At the same time, Dr. George stated, “Dispatchers had to avoid the appearance of responding to or categorizing emergency calls in a haphazard or arbitrary manner.” Dispatchers needed “reasonable guidelines” that would, among other goals, provide a structure to respond based on fact and not gut reaction. The ideal system would also discourage unnecessary calls and curb the abuse of the EMS system.

A unique example of such a system existed in Salt Lake City, according to Dr. George. The Salt Lake City Fire Department communications center was the first in the world to use the Priority Dispatch System for emergency triage and the Salt Lake City Council was a forerunner in controlling emergency triage by ordinance. Callers could be fined up to $299 or spend up to six months in jail for requesting emergency medical services when no real emergency existed. For example, the ordinance defined nonemergency situations to include alcohol intoxication, minor lacerations, hives without difficulty breathing, non life-threatening overdoses, and many other minor situations.

This ordinance was viewed as one way to solve the “uncomfortable dilemma” facing EMS—providing prompt and appropriate care in the face of rising costs and demands— and curtail abuse by callers demanding services for nonurgent situations.

“I applauded what Salt Lake was doing,” Dr. George said. “The city and Jeff’s protocol led to tremendous strides in EMS.”

Dr. George had been practicing emergency medicine for close to 12 years when he wrote the article. Thirty-two years later, he maintains his medical and legal licenses and serves as chairman of Emergency Medicine at Underwood Memorial Hospital in Woodbury, N.J., as well as president of Team Health East, also in Woodbury.

While he and Dr. Clawson haven’t crossed paths for years, he still remembers the intensity and enthusiasm Dr. Clawson brought to all matters relating to emergency medical dispatch.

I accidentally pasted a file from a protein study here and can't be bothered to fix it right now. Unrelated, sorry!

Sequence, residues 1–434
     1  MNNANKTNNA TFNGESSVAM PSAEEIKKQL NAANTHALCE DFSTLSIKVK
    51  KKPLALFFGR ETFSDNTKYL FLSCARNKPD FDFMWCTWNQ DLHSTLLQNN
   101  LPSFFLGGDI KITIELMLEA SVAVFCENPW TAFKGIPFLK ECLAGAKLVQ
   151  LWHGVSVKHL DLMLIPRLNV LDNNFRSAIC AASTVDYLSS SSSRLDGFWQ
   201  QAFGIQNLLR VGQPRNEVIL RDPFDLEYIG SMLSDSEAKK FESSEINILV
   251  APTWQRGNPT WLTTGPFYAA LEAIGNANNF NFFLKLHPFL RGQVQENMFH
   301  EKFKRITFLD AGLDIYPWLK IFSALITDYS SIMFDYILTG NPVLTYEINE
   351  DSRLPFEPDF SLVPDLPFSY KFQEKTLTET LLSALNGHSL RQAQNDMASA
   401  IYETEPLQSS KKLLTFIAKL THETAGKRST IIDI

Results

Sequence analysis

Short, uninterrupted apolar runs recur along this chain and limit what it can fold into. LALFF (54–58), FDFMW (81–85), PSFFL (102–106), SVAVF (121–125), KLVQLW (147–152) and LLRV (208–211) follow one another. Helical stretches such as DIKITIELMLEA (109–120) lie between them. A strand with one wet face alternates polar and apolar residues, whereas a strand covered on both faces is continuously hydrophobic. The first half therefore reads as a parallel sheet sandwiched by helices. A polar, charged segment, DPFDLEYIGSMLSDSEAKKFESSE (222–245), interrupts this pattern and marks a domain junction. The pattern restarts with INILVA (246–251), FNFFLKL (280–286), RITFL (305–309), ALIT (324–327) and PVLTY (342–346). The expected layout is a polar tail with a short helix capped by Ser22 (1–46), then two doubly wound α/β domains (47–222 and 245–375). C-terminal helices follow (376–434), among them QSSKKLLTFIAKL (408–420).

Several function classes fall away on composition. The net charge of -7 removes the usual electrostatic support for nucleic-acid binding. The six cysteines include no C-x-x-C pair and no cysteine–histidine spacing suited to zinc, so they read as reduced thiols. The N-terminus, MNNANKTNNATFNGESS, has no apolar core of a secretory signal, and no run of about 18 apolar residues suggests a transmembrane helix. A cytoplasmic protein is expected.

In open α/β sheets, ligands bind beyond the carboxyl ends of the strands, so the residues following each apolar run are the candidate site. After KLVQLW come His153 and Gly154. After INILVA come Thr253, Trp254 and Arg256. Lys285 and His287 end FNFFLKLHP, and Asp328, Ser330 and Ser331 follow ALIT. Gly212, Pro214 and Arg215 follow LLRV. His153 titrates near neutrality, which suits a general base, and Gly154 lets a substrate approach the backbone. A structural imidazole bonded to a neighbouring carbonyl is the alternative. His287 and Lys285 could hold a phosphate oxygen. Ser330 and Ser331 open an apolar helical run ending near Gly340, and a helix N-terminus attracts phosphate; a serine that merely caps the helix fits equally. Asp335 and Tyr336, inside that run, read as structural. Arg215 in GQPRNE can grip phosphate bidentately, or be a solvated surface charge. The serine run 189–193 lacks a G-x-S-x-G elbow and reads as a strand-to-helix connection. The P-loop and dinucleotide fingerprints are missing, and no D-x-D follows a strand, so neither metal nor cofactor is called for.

“He introduced an interesting concept,” Dr. George said. “Many years back, we would run into each other at conferences and it was about the same time we started to hear good stories about the work he was doing. His system for emergency dispatching made perfect sense to me.”

The Salt Lake City ordinance has remained on the books and has since been revised:


“Any person who shall request the city fire department emergency medical system to respond unnecessarily, falsely, capriciously or for nonemergency situations shall be guilty of a misdemeanor.

  1. For the purpose of this section, nonemergency situations shall be the following: alcohol intoxication, minor lacerations, minor contusions and sprains, minor illnesses, insect and animal bites not deemed emergencies, rashes, skin disorders, hives without dyspnea (difficulty of breathing), home delivery to avoid doctor and hospital services, venereal disease, patients seeking nonemergency transportation, forehead and scalp lacerations only, cold syndrome, sore throat, earache, hiccough, nervousness, anxiety, toothache, minor bruises, nonlife threatening overdoses, nonlife threatening self-inflicted injuries. (1987 Code: prior code § 14-2-8.1)”

A class C misdemeanor conviction can result in 90 days in jail and up to $1,500 in fines and surcharge.